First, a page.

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Conclave Of Cardinals: How Does It Work?

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Cardinals arrive at the Paul VI hall for the opening of the Cardinals' Congregations on March 4, 2013 in Vatican City, Vatican. (Photo by Franco Origlia/Getty Images)

Cardinals arrive at the Paul VI hall for the opening of the Cardinals’ Congregations on March 4, 2013 in Vatican City, Vatican. (Photo by Franco Origlia/Getty Images)

Eliott-Rodriguez-600x450 Eliott Rodriguez
Eliott Rodriguez is an Emmy Award winning journalist and respected...
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Politics

ROME (CBSMiami) – The race to replace Pope Benedict XVI is underway at The Vatican as more than 100 cardinals gathered Monday without a Pope to lead them. They’re holding two meetings Monday, in which they may set a date for the next conclave to select a new Pope.

While Benedict won’t be directly involved in his successor’s selection, his influence will undoubtedly be felt.

He appointed 67 of at least 115 cardinals set to make the decision.

So where and how does the Conclave of Cardinals work?

It takes place in the Sistine Chapel which was designed to be the Papal Chapel. It’s one of the world’s most famous galleries of biblical art and its ceiling is painted by Michaelangelo.

Click Here For A Virtual Tour Of The Sistine Chapel

On the first day of conclave, eligible cardinals may hold a vote. If there is no result, on subsequent days, they’ll vote twice in the morning and twice in the afternoon until someone receives a vote of two-thirds plus one.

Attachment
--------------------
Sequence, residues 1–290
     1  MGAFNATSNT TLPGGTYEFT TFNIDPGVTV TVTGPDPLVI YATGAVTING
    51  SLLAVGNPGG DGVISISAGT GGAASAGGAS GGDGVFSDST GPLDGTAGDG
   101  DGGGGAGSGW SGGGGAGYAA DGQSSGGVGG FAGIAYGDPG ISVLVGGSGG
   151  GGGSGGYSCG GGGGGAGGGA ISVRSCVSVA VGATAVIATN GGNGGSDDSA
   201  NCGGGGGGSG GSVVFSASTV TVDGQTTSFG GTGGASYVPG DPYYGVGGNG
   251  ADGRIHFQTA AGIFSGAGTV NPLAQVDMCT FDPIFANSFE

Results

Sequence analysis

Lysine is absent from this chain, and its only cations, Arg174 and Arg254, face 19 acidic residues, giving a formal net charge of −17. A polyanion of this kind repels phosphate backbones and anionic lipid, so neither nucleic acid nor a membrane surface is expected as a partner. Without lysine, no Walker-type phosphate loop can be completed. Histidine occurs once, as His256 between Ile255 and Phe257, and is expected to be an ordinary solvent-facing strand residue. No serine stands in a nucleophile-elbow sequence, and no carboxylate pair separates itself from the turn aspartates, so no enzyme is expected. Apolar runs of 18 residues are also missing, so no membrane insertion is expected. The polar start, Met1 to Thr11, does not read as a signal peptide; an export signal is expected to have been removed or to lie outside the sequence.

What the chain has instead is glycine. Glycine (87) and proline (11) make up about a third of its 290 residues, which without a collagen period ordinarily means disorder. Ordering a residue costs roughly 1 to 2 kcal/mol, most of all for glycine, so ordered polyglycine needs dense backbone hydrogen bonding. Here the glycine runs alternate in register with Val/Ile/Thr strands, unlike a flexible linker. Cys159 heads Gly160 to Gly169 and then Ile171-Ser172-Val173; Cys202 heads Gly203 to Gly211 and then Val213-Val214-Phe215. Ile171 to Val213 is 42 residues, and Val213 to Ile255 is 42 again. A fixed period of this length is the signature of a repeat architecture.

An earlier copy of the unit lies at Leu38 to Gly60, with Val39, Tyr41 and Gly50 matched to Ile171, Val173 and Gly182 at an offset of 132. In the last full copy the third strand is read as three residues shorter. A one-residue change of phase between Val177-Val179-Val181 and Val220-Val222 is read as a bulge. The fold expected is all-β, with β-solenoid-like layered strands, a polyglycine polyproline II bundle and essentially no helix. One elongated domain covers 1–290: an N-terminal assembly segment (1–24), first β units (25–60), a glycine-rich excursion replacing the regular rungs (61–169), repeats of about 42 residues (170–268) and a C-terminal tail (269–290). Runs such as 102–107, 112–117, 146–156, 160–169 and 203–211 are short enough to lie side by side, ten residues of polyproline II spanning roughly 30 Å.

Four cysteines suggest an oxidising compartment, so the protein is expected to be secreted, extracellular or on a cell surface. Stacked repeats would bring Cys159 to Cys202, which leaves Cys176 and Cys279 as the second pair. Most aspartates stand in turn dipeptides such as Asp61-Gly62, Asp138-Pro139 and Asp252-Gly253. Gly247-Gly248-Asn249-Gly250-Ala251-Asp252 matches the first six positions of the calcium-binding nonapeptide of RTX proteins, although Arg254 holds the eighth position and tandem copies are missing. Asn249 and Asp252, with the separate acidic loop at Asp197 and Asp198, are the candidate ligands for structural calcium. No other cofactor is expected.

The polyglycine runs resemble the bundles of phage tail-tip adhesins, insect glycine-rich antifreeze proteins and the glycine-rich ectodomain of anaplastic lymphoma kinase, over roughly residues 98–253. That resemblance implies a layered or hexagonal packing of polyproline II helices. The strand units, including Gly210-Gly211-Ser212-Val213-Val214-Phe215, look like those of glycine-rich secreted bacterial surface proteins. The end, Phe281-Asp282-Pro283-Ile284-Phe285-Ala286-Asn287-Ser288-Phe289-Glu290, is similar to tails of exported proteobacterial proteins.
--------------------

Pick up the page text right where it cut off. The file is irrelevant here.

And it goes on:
Since the cardinals meet in isolation, the only way the public knows about proceedings is through one of the most famous traditions of the papal succession ritual.

The appearance of smoke from the chimney over the conclave room indicates a vote has taken place.

The ballots are burned after each vote, with black smoke from that chimney indicating a failed ballot and white smoke meaning a new pope has been elected.

Shortly after the decision has been signaled, the new pope will appear in front of a throng of onlookers and give his first apostolic blessing from the window over St. Peters Square.

Normally, the College of Cardinals is not allowed to select a new pontiff until 15 to 20 days after the office becomes vacant.

However, Benedict slightly amended the 500-year-old policy on pope selection to get a successor into place more rapidly.

Benedict announced his intention to step down on February 11 and resigned Thursday, February 28th, becoming the first pope to do so in 600 years. The transfer of papal power has almost always happened after the sitting pope has died.

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